Posted on 29.09.2016 |
Updated on 11.11.2016 |
Added in Plant of the Month
Dahlia ‘Glorie van Heemstede' AGM
I'm so glad that dahlias have come back in from the wilderness. Fashion did us a great disservice when for many years it decreed that no discerning gardener could look at them without a derisory sniff. Why else would we have voluntarily given up such a gorgeous riot of colour at such an unpromising time of year? But never mind, for firmly back in favour they are.
Co-founder and former long-time Chairman of Western Counties Group, Brenda Jones (a stalwart octogenarian who studied with Pam Schwerdt and Sybil Kreutzberger at Waterperry) stayed faithful and carried on planting her favourite waterlily dahlia, primrose yellow ‘Glorie van Heemstede' during the lean years. Now in her hilltop garden, a wonderfully primary colour scheme dominates the entrance, where the twilight blue of Aster ‘Little Carlow' and the translucent cherry of Penstemon ‘Firebird' make unexpected harmony with the soft yellow of the dahlia.
The flower form is small waterlily, with neat, overlapping petals in soft, creamy yellow. This particular yellow is always an exception for those who eschew brassy yellows, as its cool softness will partner almost anything and still look good. Graham Stuart Thomas recommends similar toned Potentilla recta sulphurea, purely because ‘it adds to our very small list of plants of this colour'. In recent times, dahlia breeding programmes have worked to produce dark leaved cultivars, often to great effect. But in this case, crisp green emphasises a feeling of freshness that is sometimes lacking at this time of year.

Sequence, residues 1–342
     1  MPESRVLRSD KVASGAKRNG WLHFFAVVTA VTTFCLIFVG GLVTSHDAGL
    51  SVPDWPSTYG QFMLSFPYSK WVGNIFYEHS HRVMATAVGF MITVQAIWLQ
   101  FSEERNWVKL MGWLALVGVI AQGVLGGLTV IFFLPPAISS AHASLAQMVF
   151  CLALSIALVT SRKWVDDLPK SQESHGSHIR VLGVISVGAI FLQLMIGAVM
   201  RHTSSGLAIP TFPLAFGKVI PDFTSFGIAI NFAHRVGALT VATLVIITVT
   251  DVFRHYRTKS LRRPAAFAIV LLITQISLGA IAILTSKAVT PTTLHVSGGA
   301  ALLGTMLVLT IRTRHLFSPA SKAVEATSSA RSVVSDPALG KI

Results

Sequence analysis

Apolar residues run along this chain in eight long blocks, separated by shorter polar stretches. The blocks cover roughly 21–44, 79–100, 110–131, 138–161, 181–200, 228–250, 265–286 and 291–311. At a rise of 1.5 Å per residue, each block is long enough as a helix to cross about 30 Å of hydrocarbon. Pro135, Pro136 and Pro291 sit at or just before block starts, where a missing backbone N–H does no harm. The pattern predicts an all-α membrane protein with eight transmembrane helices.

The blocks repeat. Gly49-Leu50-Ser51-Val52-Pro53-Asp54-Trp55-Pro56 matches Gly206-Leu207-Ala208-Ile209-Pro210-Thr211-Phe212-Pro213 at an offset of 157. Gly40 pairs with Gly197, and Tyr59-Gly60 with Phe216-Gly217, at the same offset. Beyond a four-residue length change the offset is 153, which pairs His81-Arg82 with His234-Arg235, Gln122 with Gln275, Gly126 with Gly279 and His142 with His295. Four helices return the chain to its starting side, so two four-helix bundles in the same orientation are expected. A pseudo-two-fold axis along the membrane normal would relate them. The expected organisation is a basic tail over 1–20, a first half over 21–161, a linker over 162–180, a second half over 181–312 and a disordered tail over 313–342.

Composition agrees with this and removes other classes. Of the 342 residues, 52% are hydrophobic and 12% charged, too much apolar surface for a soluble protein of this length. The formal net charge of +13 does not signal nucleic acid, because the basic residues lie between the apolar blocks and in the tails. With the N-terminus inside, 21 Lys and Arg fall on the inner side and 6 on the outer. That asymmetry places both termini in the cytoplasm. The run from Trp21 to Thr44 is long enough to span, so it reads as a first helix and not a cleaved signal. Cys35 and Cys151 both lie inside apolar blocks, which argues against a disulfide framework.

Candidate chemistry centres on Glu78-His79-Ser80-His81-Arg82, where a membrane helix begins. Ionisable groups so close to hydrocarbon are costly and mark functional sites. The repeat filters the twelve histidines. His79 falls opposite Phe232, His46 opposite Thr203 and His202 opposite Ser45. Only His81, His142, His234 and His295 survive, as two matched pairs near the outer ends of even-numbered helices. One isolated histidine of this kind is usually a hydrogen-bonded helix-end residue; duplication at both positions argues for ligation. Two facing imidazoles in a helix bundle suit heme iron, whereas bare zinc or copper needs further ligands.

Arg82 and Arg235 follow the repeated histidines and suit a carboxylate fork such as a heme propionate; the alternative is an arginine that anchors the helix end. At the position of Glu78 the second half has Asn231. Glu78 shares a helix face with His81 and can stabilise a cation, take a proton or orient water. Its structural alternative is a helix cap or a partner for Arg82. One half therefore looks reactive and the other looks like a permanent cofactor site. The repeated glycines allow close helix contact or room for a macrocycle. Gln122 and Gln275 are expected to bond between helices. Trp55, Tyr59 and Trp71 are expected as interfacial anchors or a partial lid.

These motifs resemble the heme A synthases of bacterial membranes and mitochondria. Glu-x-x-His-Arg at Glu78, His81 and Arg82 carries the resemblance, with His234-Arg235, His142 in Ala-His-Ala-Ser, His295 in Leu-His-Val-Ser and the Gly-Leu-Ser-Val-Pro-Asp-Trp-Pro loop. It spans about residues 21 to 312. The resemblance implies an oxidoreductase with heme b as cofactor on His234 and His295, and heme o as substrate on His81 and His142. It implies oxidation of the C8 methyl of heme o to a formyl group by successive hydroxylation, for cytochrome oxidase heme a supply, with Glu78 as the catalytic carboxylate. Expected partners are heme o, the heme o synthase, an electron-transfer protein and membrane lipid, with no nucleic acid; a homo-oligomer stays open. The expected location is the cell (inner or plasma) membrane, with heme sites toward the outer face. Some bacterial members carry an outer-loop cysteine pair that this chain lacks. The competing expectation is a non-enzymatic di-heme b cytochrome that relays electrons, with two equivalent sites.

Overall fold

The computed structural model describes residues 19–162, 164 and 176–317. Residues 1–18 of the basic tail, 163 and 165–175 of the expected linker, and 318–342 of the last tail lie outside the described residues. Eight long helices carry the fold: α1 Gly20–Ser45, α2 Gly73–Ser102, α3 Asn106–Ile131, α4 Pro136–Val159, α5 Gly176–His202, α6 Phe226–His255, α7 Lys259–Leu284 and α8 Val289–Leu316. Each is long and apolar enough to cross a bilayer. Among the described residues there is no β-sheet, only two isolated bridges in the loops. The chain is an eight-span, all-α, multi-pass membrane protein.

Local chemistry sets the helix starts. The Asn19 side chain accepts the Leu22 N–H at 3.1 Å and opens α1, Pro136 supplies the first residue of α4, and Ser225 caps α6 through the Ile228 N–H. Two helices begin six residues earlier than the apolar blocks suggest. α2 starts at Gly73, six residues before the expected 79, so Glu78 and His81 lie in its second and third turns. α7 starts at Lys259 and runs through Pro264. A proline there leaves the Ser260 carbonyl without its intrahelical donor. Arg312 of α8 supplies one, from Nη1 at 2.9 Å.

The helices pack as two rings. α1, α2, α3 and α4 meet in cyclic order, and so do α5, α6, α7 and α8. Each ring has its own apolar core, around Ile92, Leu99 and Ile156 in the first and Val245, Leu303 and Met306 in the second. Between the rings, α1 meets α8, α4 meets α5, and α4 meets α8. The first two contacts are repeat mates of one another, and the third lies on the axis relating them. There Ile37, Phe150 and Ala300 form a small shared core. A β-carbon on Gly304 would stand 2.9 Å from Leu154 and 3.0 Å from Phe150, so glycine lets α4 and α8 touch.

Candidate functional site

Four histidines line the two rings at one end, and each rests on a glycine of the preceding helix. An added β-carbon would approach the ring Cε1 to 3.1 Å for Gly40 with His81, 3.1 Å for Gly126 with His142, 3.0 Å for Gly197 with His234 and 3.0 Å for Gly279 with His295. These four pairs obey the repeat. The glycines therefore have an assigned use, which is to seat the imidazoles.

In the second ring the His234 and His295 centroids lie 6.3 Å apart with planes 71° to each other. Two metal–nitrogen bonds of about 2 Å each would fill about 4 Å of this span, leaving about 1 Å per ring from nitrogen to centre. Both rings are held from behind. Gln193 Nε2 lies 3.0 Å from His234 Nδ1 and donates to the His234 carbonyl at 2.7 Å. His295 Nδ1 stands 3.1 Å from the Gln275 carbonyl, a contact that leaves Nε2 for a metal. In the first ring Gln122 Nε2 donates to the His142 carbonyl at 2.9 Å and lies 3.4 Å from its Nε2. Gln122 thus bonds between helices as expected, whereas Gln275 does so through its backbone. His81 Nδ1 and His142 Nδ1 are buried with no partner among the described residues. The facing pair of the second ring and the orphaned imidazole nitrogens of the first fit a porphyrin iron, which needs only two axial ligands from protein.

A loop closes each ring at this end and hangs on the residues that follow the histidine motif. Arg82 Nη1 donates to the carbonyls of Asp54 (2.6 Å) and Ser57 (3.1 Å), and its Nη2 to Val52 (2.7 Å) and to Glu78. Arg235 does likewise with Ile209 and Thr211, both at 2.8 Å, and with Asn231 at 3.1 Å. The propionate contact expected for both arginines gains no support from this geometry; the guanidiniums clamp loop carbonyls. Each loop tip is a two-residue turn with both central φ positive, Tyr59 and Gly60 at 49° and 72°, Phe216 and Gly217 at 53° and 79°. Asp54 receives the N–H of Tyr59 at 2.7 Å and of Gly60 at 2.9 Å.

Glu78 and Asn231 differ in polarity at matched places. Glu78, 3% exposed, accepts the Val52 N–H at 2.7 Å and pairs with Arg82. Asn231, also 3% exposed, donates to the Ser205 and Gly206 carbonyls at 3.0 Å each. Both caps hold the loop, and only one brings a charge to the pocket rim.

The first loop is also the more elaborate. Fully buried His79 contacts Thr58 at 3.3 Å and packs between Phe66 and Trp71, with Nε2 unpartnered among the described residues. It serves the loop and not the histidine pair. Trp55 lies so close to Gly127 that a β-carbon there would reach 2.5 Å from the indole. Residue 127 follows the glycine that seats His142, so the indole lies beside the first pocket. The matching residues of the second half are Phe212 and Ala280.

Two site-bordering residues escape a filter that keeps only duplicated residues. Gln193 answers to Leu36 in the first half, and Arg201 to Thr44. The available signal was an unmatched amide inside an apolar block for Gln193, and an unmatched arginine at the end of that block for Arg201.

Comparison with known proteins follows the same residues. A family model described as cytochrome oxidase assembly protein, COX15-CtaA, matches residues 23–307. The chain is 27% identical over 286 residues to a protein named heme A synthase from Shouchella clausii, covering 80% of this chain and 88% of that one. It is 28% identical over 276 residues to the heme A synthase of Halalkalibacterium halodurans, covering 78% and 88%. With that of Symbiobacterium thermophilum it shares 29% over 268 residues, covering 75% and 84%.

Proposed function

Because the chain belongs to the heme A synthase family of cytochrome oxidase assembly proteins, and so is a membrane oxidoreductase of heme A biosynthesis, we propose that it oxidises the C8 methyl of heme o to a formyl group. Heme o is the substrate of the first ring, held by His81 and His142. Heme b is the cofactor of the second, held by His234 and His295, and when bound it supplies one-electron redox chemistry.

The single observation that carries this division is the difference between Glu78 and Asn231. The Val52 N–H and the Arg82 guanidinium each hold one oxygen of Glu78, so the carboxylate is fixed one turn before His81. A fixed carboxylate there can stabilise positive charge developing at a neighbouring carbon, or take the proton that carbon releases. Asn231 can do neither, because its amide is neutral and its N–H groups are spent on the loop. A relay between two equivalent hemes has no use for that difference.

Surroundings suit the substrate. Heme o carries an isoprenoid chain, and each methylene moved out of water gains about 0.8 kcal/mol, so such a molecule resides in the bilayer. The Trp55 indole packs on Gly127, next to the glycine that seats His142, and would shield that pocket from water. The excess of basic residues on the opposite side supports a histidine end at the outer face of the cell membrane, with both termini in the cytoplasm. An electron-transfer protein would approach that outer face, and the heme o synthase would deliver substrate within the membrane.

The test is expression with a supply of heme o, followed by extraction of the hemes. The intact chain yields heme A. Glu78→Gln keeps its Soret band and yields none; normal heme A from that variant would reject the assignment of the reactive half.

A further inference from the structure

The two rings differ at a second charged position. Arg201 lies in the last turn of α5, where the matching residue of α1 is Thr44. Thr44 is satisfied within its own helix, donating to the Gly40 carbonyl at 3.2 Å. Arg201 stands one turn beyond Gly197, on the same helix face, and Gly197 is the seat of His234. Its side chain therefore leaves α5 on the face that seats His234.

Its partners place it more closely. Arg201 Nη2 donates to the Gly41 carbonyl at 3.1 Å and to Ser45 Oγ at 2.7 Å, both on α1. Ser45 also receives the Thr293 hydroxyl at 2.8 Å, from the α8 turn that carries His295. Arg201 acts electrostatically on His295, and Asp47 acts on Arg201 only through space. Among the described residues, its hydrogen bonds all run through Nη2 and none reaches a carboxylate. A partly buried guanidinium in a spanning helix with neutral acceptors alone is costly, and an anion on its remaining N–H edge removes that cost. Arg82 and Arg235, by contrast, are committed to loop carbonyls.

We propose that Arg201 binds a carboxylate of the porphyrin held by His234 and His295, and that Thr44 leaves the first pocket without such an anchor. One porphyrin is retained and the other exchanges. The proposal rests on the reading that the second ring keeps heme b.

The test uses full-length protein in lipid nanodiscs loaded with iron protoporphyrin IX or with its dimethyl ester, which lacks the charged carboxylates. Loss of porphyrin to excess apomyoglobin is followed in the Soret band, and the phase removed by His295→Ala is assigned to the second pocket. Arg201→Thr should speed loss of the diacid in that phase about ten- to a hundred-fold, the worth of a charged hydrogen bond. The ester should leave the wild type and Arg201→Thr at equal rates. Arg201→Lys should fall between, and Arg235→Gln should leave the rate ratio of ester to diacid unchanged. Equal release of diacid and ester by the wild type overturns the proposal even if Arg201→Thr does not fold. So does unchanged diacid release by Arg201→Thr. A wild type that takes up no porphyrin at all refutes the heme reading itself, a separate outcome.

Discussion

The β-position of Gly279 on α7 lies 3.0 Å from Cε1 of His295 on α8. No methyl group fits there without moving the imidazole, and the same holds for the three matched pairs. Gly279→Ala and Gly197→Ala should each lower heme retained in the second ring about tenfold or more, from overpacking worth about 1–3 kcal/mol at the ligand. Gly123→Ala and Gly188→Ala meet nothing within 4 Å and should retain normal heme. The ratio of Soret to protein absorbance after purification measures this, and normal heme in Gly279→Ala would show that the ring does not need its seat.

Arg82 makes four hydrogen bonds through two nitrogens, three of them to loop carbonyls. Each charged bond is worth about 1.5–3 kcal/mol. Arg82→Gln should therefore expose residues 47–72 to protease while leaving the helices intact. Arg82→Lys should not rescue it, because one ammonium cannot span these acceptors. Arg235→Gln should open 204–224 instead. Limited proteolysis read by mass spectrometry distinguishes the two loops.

If you're lucky enough to have a warm, well-drained soil, then you may get away with leaving your dahlias in the ground, covered with a mulch (though have a back-up inside, just in case, and keep an eye out for slug damage in the spring). Any hint of water-logging will rot your tubers, in which case you have no option but to bring them in. Dry them off, trim the stem to 6” and store in dry compost or sand, up to the neck. Divide in the spring, ensuring that each tuber has a root and a shoot, or take cuttings of the new shoots. Dahlias that have stood the test of time tend to have robust, plentiful tubers and D. ‘Glorie' is no exception.
After planting out in late spring, pinch out at about 15” tall, to promote branching. For those with sluggy gardens, I would recommend growing on in 8-10” pots till about that size, so that plants are big enough to withstand attack before they face the open garden. There is no doubt that slugs find some cultivars tastier than others (my record is 48 on one plant, one damp evening). I'm glad to say that ‘Glorie' is not in that category. In rich soil, staking is usually necessary – I find half-moon stakes give a more natural look than canes. Don't forget that dead-heading will give you a flowering season that lasts until the frosts – do it daily and certainly every time you pass. Buds and finished flower heads can look similar – only pull off the pointed ones that squelch when you squeeze them.
You don't have to grow dahlias in the border. In vigorous and tightly packed gardens, a row across the vegetable garden, where you can keep an eye on them, is often more satisfactory. That way, you can have a concentrated burst of colour, but still have access for maintenance and picking. If you decide to use canes here, they're at just the right height to give you a nasty poke as you pick, so cover your cane tips.
Despite the drawbacks of lifting and slug damage, dahlias provide unrivalled exuberance both in the height of summer and when the garden is starting to fade. I grow several, each with its own charm (‘Arabian Nights' in deepest claret, ‘Chimborazo' in crimson and gold, ‘Pat Knight', wine red with white stamens, ‘David Howard', dark foliage and glowing orange blooms) but my favourite of all for poise and simplicity, is D. ‘Glorie van Heemstede' – she just adds a touch of class.
Posted by Gill Mullin